Here to take Karl Stead to lunch
- Dame Edna Everage and the Rise of Western Civilisation by John Lahr
Bloomsbury, 242 pp, £14.99, October 1991, ISBN 0 7475 1021 0
I first saw Barry Humphries on stage in the Phillip Street Theatre in Sydney in 1956 or 57, and got to know him in Auckland in the early Sixties after we had both come back from our first visits to London. Barry’s second wife, Rosalind Tong, a dancer, was an Aucklander. Sometimes Barry would put on a lunch-hour show at the University, which was where I first encountered the then rather down-market but already very funny Edna Everage. There was an evening when Barry and Rosalind took my wife and me to a sort of teen-club under the street where there was a band and dancing. We were all aged about thirty and felt out of place; my inclination was to be inconspicuous, but with Barry Humphries for company it was impossible. The Beatles hadn’t yet begun the fashion that allowed men to grow their hair long; and in Australia and New Zealand the short-back-and-sides was almost a moral obligation, as was the jacket and tie. Barry’s hair was long, partly as a protest (his headmaster in Melbourne was given to saying, ‘Long hair is dirty hair’), and partly because at that time this was the hair that came out from under Edna’s hat. He wore an overcoat and no tie, and looked rather like a tramp, and we hadn’t been long at our table before he had made everyone aware of his presence. When the band began something with a strong beat he suddenly launched himself backwards into the crowd.
His dance was extraordinary, jerky, almost spastic, yet perfectly rhythmical, with something of that physicality with which Dame Edna still reminds her audience that she’s really a big energetic male. Someone shouted angrily at Barry, calling him ‘Jesus’; there was a precarious moment in which the mood might have turned hostile; and then by some magic of facial expression he swung it entirely in his favour. The crowd pressed around him clapping rhythmically and cheering him on, while Barry, still leaning backward in his dance and with the bewildered expression of someone not quite sane, but benign, danced with prodigious vigour. When he sat down I felt as if I’d watched someone go over Niagara Falls in a barrel and survive.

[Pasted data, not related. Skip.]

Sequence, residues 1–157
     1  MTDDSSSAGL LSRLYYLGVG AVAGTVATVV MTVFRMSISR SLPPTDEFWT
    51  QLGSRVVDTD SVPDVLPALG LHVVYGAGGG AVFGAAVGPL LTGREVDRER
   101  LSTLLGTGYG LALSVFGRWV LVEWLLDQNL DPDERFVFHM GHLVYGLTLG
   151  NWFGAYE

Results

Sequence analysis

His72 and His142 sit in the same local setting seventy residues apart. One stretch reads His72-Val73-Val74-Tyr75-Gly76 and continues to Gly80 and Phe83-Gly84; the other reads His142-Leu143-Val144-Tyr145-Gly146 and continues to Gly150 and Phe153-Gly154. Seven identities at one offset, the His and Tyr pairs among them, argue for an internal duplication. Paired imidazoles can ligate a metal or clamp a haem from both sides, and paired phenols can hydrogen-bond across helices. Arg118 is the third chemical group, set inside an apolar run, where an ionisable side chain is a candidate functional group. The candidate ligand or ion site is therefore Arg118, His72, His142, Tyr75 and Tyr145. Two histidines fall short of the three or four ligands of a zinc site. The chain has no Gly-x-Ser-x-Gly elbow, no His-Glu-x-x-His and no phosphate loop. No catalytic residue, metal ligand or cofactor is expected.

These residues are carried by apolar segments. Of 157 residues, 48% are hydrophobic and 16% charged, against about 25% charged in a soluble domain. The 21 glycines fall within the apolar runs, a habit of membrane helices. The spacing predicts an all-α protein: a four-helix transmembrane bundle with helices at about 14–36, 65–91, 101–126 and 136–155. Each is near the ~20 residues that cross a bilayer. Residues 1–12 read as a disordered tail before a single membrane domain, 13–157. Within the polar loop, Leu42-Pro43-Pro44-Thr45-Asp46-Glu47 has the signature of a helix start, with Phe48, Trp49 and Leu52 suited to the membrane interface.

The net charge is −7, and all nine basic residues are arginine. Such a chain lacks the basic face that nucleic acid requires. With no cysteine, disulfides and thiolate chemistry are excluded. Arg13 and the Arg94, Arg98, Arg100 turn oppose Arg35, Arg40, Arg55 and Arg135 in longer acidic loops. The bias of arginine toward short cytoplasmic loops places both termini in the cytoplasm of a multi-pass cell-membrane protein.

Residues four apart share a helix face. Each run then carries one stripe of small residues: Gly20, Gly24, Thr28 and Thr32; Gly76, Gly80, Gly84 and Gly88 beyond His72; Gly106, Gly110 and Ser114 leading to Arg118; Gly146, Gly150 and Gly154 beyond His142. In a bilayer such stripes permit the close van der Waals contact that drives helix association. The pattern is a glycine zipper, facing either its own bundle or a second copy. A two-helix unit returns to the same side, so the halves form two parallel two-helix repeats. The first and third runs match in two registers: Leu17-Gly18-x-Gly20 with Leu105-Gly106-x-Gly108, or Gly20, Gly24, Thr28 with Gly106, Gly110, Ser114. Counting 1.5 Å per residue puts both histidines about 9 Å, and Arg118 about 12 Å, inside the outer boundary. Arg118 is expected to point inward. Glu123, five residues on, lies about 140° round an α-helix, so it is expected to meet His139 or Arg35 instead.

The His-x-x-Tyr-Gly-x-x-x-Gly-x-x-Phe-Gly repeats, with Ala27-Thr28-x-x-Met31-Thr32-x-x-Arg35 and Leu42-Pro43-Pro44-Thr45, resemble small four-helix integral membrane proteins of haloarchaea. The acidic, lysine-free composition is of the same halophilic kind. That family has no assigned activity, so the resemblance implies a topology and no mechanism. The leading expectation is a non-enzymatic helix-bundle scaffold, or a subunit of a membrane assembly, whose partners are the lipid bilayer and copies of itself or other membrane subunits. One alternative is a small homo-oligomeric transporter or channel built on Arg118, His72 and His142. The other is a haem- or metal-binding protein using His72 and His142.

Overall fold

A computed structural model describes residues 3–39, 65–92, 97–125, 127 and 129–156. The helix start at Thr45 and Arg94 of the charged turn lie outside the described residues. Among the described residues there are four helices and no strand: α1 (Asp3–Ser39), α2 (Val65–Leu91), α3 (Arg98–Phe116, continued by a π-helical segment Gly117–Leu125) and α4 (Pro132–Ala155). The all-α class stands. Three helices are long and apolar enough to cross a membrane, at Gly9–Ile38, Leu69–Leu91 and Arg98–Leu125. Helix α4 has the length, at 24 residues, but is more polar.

Not long after, I wrote a fantasy called ‘A Fitting Tribute’ about a character I called Julian Harp, who solves the problem of engineless flight. He recognises that when a man lies on his stomach and flaps his arms, the wing-tips point forward instead of back like a bird’s: so he must contrive the means to fly lying on his back, and he succeeds, constructing models, and then his final set of wings, out of the struts of umbrellas which he steals, or has his girlfriend steal, from public places. He takes off from the Auckland domain during a gymkhana, watched by a huge crowd, and vanishes out over the Pacific, never to be seen again. His success in flying is soon hailed around the world, and in his absence, presumed dead, Harp becomes a New Zealand hero. Statues and monuments are erected, works of art commissioned, even a religion founded, around the figure of the first man to fly. The story is told by his girlfriend, who has had a child by him. She knows what he was really like and that the sanitised hero who is becoming a national icon bears no resemblance to the real Julian: but when she tries to tell the true story she’s not believed.
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